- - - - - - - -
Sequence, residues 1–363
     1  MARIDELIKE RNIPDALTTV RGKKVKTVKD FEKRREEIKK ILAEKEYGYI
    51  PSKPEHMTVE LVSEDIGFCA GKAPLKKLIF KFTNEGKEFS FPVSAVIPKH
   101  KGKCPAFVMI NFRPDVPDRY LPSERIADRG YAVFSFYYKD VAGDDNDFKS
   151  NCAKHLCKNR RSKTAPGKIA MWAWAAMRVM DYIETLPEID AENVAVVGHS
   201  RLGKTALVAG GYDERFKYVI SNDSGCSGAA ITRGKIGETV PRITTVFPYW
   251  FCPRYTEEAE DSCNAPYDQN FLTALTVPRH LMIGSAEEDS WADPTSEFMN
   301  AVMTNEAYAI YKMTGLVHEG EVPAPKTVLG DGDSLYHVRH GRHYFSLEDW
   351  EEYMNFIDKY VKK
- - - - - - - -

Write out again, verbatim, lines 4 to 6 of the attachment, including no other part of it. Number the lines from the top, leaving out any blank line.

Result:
   101  KGKCPAFVMI NFRPDVPDRY LPSERIADRG YAVFSFYYKD VAGDDNDFKS
   151  NCAKHLCKNR RSKTAPGKIA MWAWAAMRVM DYIETLPEID AENVAVVGHS
   201  RLGKTALVAG GYDERFKYVI SNDSGCSGAA ITRGKIGETV PRITTVFPYW